This time, it’s a family adventure. Of sorts.
If you’ve been reading for a while (bless you) you know that my family has gotten somewhat involved with a local community theater. Carissa and I were part of their production of The Sound of Music, which sucked up our whole summer, and Carissa and Cathy got to be in Miracle on 34th Street, which sucked up our entire holiday season. Alec and Carissa are learning to do tech, and, well, let’s just say the drive to the theater has become quite familiar.
Now cometh Anne of Green Gables, a musical based on my daughter’s all-time favorite story. She can quote Anne Shirley—and she does, whether we ask her to or not. She has the red hair, she has the imagination, she has the spunk—you might as well call her Anne, or perhaps Cordelia. I would have been #1 on the Rotten Dad list had I not allowed her to at least audition.
Now, you may remember that when the girls did Miracle on 34th Street, it was with the understanding that the next audition would be for all four of us. Family togetherness, and all that.
So, off we troop, the Burns Family goes auditioning.
Preparing for an audition is no easy feat. First, one must pick a song. I have threatened to sing the theme from The Love Boat for several months; Alec encourages me, Carissa threatens to move out, and Cathy just rolls her eyes. I tell you, one of these days I’m singing that song—‘cause I can sell it, Baby.
Having picked a song, one must prepare and rehearse. This is not as simple as it sounds, because in my home no one wants anyone else to hear them singing. Bedrooms, garage, closet—all become rehearsal halls. Why, you ask, do they not want to be heard rehearsing? After all, you say, they will have to sing in front of people at the audition, won’t they?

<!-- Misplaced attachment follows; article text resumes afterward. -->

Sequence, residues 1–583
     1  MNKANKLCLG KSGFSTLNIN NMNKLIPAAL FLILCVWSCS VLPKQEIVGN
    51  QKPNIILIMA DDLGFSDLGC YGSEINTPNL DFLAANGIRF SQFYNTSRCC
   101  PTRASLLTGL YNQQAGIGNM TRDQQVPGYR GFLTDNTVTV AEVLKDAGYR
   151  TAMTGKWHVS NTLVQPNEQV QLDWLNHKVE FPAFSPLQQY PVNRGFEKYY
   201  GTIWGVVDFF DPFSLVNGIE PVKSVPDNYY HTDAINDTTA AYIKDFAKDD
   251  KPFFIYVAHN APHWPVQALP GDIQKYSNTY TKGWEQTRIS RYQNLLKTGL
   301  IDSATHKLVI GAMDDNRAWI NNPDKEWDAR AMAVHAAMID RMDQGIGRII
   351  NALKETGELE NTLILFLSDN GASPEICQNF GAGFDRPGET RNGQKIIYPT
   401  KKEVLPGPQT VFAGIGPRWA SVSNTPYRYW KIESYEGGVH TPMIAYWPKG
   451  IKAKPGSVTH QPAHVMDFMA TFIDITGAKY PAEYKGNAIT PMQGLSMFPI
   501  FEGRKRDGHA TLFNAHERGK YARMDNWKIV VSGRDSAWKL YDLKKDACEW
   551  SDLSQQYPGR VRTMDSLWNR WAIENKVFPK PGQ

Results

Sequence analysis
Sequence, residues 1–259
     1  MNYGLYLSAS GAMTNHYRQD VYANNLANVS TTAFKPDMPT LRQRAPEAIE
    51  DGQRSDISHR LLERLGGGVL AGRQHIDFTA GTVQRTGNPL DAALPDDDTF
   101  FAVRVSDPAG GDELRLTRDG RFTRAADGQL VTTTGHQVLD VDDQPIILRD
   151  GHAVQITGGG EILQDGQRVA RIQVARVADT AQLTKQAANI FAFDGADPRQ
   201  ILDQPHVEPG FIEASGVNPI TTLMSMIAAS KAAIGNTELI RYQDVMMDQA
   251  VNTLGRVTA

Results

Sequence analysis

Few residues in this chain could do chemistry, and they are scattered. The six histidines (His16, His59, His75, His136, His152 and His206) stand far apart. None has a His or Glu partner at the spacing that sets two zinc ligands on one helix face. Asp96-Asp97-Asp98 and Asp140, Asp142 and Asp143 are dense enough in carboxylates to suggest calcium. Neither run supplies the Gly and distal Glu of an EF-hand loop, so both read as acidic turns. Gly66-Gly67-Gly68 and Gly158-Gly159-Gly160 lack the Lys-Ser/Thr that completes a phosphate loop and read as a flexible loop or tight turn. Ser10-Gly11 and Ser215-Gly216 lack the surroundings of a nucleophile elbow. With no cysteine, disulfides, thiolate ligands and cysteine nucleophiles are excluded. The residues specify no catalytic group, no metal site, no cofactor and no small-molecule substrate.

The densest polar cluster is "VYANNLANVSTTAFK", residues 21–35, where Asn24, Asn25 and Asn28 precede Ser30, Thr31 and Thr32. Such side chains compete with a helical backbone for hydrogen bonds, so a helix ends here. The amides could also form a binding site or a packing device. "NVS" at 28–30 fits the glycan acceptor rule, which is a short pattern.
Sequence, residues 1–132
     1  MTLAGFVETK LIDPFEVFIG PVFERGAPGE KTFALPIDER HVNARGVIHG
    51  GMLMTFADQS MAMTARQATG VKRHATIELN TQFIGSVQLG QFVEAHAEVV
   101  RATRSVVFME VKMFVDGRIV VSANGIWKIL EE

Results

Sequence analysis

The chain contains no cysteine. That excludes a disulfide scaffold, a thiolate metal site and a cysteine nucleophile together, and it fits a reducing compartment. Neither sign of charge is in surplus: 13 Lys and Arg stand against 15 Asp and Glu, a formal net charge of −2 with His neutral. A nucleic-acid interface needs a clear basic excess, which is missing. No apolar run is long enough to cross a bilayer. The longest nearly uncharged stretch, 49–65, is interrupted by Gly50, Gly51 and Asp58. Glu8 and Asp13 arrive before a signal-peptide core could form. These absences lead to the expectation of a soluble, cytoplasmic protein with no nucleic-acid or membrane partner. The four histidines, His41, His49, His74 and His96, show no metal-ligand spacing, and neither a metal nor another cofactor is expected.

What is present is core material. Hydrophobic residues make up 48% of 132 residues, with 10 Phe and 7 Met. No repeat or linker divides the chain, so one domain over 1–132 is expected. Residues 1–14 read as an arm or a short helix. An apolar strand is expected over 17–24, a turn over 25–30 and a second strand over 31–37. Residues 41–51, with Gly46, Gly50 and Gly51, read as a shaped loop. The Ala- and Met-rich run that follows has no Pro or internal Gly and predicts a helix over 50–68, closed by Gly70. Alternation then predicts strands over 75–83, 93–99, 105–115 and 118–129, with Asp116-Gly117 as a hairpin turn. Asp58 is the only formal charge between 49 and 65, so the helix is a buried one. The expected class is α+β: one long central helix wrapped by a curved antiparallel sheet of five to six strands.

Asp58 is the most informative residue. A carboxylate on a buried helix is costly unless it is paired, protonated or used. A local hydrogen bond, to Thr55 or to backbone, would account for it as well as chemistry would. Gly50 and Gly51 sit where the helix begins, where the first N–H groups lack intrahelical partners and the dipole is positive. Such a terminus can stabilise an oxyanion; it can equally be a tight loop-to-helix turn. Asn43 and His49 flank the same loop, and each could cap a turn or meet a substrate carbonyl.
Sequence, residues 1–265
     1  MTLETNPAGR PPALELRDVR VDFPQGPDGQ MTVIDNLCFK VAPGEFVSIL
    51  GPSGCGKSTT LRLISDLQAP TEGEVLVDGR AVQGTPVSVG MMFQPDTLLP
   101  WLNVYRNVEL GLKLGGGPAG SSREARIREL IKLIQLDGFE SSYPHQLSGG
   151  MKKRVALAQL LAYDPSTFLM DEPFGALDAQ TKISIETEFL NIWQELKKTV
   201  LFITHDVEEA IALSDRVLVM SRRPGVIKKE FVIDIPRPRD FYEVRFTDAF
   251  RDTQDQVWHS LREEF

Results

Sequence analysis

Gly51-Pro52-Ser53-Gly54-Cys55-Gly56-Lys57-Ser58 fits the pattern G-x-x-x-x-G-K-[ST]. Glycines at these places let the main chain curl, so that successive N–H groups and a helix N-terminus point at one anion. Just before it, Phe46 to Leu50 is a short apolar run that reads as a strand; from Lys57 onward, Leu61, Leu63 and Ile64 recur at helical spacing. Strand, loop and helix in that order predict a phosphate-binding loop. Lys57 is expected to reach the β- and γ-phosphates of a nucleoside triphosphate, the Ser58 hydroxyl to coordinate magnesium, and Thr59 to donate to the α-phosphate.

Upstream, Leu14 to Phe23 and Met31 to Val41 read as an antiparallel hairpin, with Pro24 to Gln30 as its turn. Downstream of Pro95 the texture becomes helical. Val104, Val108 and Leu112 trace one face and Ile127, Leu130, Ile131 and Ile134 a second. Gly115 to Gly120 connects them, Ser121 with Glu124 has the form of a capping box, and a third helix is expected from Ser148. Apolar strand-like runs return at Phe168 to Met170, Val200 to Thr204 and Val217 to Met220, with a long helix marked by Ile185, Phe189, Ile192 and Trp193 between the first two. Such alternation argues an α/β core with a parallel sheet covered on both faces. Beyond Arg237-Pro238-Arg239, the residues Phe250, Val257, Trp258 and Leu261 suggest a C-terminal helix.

Ask not for logic. We are theater people.
At long last we come to the anointed, appointed audition day.
Finally, the hardest part is just beginning. Because now we have to wait.
In my family, there is nothing stoic about waiting. We are manic waiters. It doesn’t help that there are about two decades between the auditions and the announcement of the results.
Oh, it’s only two weeks? Are you sure? Because it feels like it’s been a month already.
Frankly, the problem rests with the Daughter of My Heart. The rest of us are easy. We will be happy with any old part, no matter how small. As for me, if I can best serve as an audience member, so be it. My heart will go on.
For those of you keeping score, that last statement is roughly 40% maturity, 25% graciousness, and 35% laziness. These shows are a lot of work.
For Carissa, it’s different. This is not just any show. This is
So, here is my job as the Dad-Man. I need to provide what I call tempered encouragement. Do I want her to get the part? Sure. Do I think she has a shot at the role? Absolutely. Are there other girls who would also do a great job and, for a variety of reasons, might get the nod?
This is tough stuff, either way it goes. If she gets the part of Anne, it will be the most demanding thing she has done—seriously challenging. If she’s not up to it, she could disgrace the family name, forcing us to move to a place of seclusion and get our appearances surgically altered.
If, however, she doesn’t get Anne, it will be her first seriously major disappointment. This is the kind of thing Dad can’t fix with duct tape and power tools.
So, my little girl is learning to have faith in God. She has to believe that he really does know what is best for her, for the show, for our family—and that he cares. She has to trust that if he calls her to this part, he will equip her for it, and that if he doesn’t, it is truly for the best.
As for me, I have to learn to deal with a simple, brutal fact.
If my family gets cast in this show, it’s going to suck up our entire spring.